aircraft dismantling and recycling
Aircraft cutting for recycling in France (© Shutterstock)

How SUSTAINair advances circular dismantling & recycling

In its research on circular dismantling and recycling, SUSTAINair will concentrate on several aspects. This will firstly include a rivet removal demonstrator using robotics and water jet cutting to improve the recovery of high-quality aluminium recycling materials. The main aim of this demonstrator is to show that  automated dismantling of aircraft parts at their end of life, such as the fuselage, as well as the separation of materials, is both economically viable and feasible. As concerns recycling, SUSTAINair will both address recycling and upcycling as follows:

  • The impact of Structural Health Monitoring sensors on recycling
  • Near-net shape metallic process development / additive manufacturing of metallic components
  • Inhouse recycling from cast housing production scrap
  • Inter-recycling of wrought (solid form) / cast (liquid form) alloys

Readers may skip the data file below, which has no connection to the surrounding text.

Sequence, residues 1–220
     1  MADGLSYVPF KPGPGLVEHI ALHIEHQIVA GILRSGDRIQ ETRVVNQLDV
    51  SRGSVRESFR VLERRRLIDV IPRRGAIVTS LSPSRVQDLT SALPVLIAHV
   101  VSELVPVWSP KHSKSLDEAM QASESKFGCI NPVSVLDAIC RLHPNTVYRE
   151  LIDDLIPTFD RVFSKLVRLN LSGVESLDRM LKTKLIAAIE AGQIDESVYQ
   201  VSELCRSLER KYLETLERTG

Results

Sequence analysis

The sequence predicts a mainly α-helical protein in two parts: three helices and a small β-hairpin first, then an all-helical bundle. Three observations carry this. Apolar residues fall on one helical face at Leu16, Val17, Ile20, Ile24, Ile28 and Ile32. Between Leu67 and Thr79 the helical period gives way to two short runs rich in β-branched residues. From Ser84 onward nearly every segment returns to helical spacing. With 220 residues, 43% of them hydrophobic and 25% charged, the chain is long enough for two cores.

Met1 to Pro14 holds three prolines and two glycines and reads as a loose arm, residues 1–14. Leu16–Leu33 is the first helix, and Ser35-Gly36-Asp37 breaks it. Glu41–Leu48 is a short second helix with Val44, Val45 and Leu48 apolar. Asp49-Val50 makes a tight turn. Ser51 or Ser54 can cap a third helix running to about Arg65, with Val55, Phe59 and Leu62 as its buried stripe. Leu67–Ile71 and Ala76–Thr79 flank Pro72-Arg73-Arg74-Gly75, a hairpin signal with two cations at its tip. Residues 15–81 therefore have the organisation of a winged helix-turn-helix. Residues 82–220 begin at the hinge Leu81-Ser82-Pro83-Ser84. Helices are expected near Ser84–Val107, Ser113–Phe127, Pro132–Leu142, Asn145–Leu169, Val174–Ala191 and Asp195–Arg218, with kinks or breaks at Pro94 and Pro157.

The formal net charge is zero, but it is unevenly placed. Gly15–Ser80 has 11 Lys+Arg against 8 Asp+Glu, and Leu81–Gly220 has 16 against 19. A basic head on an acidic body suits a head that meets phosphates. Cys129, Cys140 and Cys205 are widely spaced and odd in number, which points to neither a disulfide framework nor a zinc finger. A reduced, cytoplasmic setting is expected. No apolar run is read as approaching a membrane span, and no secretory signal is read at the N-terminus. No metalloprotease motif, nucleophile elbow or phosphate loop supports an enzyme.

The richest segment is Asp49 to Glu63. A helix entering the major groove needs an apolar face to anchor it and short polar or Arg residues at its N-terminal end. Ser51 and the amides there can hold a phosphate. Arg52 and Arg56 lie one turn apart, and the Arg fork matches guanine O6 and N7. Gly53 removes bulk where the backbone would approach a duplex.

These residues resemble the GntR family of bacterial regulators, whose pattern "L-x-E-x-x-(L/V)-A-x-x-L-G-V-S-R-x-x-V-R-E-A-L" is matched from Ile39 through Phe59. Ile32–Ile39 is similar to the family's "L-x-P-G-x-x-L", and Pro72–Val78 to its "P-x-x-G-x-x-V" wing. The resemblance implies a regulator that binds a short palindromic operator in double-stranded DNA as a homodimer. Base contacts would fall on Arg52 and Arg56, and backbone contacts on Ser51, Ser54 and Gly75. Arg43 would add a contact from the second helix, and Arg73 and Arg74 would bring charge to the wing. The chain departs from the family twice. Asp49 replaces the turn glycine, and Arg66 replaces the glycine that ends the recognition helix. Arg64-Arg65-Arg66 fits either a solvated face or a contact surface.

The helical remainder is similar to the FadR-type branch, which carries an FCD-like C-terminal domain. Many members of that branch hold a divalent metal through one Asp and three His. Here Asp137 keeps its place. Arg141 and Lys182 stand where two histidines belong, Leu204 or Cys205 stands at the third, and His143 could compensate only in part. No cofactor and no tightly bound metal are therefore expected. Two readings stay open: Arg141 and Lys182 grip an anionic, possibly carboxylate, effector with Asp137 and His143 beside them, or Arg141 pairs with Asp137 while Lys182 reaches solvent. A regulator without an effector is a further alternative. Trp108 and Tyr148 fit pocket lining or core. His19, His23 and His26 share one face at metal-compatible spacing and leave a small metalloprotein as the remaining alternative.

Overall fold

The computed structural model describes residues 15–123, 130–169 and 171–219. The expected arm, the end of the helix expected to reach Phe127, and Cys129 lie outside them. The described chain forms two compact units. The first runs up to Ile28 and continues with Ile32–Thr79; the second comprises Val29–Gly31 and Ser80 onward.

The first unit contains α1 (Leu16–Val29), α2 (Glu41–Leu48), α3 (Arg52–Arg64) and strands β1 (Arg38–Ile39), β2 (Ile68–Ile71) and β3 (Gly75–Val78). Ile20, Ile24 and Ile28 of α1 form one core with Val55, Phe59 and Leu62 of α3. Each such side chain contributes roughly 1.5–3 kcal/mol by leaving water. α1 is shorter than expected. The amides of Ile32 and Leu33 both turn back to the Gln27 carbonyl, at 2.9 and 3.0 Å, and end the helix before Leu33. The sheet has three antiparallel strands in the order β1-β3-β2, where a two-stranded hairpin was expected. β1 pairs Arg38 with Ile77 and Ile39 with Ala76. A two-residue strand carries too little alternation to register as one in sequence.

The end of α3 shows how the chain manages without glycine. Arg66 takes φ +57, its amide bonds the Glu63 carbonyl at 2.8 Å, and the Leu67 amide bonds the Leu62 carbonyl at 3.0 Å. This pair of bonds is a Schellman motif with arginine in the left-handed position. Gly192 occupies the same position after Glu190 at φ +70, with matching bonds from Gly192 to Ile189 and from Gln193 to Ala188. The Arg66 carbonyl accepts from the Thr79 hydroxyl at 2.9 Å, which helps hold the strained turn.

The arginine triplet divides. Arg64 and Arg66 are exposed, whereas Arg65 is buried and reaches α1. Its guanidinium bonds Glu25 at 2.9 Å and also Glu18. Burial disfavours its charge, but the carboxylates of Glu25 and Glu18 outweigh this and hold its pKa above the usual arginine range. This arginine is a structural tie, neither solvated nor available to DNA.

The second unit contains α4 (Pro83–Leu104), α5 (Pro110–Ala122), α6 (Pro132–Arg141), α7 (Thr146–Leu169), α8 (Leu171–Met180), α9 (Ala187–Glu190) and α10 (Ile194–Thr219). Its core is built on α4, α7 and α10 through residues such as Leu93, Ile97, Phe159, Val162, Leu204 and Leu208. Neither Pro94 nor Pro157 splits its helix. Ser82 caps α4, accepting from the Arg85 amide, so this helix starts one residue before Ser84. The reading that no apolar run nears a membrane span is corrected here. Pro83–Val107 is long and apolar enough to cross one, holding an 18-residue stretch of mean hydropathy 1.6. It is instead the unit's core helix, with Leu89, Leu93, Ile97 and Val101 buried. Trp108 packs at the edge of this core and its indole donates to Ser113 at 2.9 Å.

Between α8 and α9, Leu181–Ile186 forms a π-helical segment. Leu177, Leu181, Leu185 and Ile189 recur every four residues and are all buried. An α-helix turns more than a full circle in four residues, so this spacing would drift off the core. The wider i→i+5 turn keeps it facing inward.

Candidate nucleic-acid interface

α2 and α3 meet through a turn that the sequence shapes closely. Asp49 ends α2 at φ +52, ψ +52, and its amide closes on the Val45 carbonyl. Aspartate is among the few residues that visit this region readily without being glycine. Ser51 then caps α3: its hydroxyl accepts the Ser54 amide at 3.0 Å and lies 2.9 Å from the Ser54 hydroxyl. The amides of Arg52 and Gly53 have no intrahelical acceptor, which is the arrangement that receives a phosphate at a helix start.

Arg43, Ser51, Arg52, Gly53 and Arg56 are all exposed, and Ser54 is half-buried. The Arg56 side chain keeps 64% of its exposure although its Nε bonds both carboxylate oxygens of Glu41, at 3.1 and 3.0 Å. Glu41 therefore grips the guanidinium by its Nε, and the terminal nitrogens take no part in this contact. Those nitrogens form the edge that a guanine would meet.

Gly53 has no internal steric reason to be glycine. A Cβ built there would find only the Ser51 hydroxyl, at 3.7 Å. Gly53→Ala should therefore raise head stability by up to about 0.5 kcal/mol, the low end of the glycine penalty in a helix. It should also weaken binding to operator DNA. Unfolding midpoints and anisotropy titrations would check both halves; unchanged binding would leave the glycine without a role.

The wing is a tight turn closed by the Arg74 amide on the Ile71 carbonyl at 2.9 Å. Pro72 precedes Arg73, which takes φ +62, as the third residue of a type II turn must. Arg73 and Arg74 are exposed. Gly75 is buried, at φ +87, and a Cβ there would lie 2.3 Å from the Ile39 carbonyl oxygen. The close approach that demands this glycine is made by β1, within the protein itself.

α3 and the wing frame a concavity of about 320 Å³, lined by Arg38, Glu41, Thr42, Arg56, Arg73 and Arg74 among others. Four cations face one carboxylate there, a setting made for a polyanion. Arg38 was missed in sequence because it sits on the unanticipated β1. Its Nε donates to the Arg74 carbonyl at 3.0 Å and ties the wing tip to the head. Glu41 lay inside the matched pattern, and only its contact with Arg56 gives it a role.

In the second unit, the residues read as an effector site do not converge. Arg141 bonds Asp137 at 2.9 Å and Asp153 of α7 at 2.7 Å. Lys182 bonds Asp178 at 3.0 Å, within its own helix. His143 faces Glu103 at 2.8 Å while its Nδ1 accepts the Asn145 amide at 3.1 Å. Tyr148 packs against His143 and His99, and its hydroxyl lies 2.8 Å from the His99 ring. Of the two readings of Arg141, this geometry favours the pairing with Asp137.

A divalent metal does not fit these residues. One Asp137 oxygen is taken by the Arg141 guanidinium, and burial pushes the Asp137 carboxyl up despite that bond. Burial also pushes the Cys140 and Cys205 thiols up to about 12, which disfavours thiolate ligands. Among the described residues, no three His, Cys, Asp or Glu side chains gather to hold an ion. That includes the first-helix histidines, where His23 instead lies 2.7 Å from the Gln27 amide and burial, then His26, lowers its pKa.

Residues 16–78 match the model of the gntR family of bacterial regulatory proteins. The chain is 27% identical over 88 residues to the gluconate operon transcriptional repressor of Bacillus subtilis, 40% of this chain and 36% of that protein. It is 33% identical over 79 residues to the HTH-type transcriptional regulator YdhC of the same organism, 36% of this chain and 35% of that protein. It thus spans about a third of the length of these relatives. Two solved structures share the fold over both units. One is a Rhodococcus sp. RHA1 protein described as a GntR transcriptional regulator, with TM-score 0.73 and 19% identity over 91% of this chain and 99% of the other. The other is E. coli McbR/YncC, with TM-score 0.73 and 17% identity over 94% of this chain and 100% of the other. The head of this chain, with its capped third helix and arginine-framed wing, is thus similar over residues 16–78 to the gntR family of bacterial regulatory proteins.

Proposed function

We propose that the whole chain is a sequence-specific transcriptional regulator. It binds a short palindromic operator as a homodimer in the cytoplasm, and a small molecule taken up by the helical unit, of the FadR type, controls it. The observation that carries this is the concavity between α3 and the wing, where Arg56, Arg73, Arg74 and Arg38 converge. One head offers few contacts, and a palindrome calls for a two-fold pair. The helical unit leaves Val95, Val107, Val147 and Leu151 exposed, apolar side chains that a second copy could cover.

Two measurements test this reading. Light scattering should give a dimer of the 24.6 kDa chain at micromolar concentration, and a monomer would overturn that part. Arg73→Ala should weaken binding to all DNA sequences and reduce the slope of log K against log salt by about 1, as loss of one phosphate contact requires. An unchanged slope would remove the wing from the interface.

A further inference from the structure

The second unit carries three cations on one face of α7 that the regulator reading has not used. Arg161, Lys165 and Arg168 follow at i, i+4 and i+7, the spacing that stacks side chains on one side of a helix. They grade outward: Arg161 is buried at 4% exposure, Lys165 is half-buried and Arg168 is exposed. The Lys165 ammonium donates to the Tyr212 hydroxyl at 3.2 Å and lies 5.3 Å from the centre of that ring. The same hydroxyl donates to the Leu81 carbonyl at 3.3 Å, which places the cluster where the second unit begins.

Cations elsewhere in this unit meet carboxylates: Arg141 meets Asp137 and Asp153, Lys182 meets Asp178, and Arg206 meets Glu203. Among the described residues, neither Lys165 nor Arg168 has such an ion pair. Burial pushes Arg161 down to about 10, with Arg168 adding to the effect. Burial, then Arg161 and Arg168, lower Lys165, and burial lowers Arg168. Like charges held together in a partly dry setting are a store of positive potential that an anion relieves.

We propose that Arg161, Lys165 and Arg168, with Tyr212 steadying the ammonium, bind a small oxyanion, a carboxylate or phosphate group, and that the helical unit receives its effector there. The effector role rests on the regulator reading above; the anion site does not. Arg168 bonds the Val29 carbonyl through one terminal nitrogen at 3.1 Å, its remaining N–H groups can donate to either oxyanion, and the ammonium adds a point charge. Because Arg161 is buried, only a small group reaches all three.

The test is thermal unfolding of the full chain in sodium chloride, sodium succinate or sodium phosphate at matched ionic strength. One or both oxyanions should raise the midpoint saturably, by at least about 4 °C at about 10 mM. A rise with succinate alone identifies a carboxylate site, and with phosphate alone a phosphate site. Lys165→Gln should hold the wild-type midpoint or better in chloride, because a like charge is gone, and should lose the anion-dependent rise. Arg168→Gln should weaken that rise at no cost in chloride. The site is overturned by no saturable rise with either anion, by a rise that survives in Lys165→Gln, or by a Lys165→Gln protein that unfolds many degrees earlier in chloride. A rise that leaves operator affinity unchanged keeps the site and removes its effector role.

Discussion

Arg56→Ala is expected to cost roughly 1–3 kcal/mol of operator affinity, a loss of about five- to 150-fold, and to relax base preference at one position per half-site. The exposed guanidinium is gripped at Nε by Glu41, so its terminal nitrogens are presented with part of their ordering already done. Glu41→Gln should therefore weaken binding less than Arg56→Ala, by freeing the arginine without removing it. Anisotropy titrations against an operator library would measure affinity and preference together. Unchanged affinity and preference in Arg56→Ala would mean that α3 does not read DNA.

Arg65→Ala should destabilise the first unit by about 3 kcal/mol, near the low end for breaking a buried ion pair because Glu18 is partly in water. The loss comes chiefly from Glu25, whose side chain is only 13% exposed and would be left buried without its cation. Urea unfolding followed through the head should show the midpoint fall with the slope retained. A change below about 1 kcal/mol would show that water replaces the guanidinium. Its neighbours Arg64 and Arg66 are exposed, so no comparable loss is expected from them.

• Upcycling of thermoset prepreg production waste material
  • Upcycling of thermoplastic production waste
  • Characterization of new recyclate materials
  • Life Cycle Assessment in compliance with the ISO14040:2006 standard

The expected outcomes are new up- and recycling technologies to reduce the Buy-to-Fly (BTF) ratio, saving substantial amounts of virgin material and with it associated costs. Additionally, the project aims to cut down on waste-streams in manufacturing by enabling inhouse reuse of scrap i.e. runner from casting, used Additive Manufacturing powder, uncured thermoset remainder of prepregs and thermoplastic short fibre feedstock.

Moreover, SUSTAINair seeks to achieve up to 75% cost reduction versus current 1st life composite materials, a 10-20% weight decrease, as well as up to 100% recyclability versus negative effects from downcycling, pyrolysis or landfill of thermoset fibre-reinforced plastics.